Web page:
Restaurant worker advocate Saru Jayaraman. Photo courtesy of ROC.
It seems strange that the JBFA would honor a restaurant labor activist like Jayaraman for her work while perpetuating a cycle of homogeneity in their chef awards. In fact, applying the Restaurant Opportunity Center’s findings to the practices and voting procedures of the JBFA might actually help identify its problem of representation and recognition of industry minorities.
For example, as shown earlier, the demographic makeup of the gatekeepers—in this case, the Restaurant & Chef Awards committee—can go a long way in determining which nominees make the cut into the nominees. But the problem with stacking a committee with food writers is that racial and class diversity within food writing and editing is miniscule. Though the JBFA has taken measures to makes the committee regionally diverse, the sweeping majority of committee members are white.
Additionally, as chef Mario Batali told The New York Times, the finalist voting process that takes place after the long list of nominees is released “results in little more than a popularity contest.” Though he made these remarks in 2004, this part of the process has not changed much since then. Once announced, the ballot is distributed online to a voting body of over 300 previous James Beard Restaurant & Chef Award winners, 250 panelists divided evenly among 10 regions, and 17 members of the Restaurant and Chef Award subcommittee. Eating at the nominees’ restaurants is not a stated requirement to voting for this final round, much like how viewing all of the nominated films is not a requirement for voting in the Academy Awards. And with more than 300 semifinalists, it would be physically impossible to do so in the month before votes are due to be cast.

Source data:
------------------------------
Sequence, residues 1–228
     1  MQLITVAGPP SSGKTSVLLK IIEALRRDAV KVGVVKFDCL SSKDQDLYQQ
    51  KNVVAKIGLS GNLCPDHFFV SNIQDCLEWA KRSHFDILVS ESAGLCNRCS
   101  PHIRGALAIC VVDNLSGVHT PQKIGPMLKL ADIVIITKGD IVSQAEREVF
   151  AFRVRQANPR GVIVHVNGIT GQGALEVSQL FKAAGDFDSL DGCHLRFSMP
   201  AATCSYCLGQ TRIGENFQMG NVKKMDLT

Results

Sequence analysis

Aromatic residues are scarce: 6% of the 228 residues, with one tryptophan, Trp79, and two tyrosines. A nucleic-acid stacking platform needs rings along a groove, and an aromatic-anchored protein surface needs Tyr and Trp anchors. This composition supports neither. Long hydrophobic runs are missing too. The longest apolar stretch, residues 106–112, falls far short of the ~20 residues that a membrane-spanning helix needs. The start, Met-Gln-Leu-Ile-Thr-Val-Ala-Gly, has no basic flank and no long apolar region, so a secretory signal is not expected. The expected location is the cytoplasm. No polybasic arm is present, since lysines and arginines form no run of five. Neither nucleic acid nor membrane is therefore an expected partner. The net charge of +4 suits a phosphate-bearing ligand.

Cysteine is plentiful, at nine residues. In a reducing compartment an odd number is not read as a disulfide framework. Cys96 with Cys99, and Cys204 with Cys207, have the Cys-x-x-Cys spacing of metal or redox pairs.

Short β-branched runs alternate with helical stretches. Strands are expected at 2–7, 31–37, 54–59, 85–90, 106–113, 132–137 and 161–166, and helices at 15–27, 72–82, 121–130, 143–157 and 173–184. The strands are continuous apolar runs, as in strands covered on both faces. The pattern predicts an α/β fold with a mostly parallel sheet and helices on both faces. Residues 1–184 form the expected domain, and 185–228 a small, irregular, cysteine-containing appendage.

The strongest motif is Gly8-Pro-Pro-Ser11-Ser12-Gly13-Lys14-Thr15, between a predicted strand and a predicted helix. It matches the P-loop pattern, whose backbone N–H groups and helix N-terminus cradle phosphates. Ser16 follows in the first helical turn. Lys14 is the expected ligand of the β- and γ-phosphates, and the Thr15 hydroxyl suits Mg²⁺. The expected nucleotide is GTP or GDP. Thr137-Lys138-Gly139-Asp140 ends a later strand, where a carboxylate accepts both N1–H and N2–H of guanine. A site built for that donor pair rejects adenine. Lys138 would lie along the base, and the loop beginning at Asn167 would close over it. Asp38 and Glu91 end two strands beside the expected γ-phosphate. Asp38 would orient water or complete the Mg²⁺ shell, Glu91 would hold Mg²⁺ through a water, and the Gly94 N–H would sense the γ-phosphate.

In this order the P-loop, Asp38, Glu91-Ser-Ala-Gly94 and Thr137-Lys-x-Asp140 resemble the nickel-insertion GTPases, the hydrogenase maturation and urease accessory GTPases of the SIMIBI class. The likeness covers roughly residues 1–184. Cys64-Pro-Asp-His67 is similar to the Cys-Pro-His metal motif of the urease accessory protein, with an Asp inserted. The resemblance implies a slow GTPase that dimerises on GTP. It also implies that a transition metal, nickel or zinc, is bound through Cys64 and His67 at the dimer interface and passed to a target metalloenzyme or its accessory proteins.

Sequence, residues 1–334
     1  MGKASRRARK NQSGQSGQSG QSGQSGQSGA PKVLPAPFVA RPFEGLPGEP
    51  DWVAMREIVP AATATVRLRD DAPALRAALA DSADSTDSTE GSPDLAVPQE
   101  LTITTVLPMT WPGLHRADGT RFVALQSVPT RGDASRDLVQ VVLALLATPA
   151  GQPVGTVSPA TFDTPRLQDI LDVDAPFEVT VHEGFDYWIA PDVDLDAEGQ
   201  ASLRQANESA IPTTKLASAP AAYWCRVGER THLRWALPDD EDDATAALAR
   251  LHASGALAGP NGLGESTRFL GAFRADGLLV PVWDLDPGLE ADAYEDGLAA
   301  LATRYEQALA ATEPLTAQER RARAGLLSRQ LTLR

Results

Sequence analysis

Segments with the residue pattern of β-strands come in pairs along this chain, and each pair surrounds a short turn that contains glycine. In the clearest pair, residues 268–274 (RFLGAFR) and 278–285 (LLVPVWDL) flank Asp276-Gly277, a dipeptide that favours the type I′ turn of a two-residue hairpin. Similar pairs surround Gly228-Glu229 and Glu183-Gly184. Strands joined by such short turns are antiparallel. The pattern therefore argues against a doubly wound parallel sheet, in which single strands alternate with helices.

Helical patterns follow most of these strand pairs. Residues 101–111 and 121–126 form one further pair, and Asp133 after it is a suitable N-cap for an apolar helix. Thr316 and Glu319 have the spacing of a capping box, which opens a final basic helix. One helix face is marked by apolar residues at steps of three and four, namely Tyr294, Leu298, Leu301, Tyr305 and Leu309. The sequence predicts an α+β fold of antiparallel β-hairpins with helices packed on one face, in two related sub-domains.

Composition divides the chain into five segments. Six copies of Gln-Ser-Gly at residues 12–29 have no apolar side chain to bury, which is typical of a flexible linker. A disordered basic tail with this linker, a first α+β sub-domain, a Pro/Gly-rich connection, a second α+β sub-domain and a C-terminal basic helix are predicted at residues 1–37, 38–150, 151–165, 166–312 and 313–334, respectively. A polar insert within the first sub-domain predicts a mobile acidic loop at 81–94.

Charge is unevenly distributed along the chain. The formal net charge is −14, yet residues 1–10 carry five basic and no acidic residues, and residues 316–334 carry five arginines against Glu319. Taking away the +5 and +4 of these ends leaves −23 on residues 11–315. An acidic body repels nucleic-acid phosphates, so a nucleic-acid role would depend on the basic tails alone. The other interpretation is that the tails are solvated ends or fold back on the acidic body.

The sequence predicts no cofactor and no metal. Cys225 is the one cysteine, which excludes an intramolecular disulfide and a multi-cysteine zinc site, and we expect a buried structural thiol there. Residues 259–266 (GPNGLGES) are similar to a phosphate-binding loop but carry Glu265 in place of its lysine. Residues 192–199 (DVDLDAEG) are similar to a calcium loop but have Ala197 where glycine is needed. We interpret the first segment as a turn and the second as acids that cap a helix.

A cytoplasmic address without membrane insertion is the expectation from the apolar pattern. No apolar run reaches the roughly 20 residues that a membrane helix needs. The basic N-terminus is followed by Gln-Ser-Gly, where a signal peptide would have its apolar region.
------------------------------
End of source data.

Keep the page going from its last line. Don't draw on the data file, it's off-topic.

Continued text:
It’s a catch-22: Voters have to rely on press coverage to fill in the gaps of their knowledge. But generally the chefs and restaurants who get awards also get the most publicity, so the cycle of hype and awards is self-perpetuating. In addition, having more than half of the voters be previous award winners in a pool that has historically included a vast majority of white men dilutes any sort of intentional diversity. Like the process of restaurant owners casting for new employees within their current employees’ social networks, the JBFA’s voting process leaves plenty of room for demographic self-replication, even when it is informed by the best of intentions.
Excluding women and people of color from the cycle of awards and press for chefs and restaurants exacerbates the employment challenges outlined by ROC’s study. Chef Amanda Cohen bluntly outlined the process in 2013 for the NY Times:
“Restaurants engage in a lot of strategies to attract the press. They host special dinners, they hire expensive publicists, they lobby to be invited to the ‘right’ industry events where they can meet journalists. Getting into that world takes a big commitment of time and money, and because female chefs get less coverage, they attract fewer investors, and they may not have the resources to gain entry.
I understand why this cycle exists. If I were an investor choosing between a male and a female chef, both of whom were equally talented, it would make more sense to go with the man every time, because he’d get more press, which will earn more awards, which will attract more customers.”
As a highly influential tastemaker in the American culinary scene, the JBFA plays a large part in deciding the literal Who’s Who every year. We’ve seen in recent years that the JBFA is more than capable of changing its practices to be more inclusive, and in so doing, improve the visibility of people who often get stuck in the underbelly of “America’s diverse culinary heritage.” This year, the JBFA’s galas will be hosted by two people of color: chefs Carla Hall and Ming Tsai. Hopefully next year, we will see more people of color on that stage who aren’t just there as the entertainment.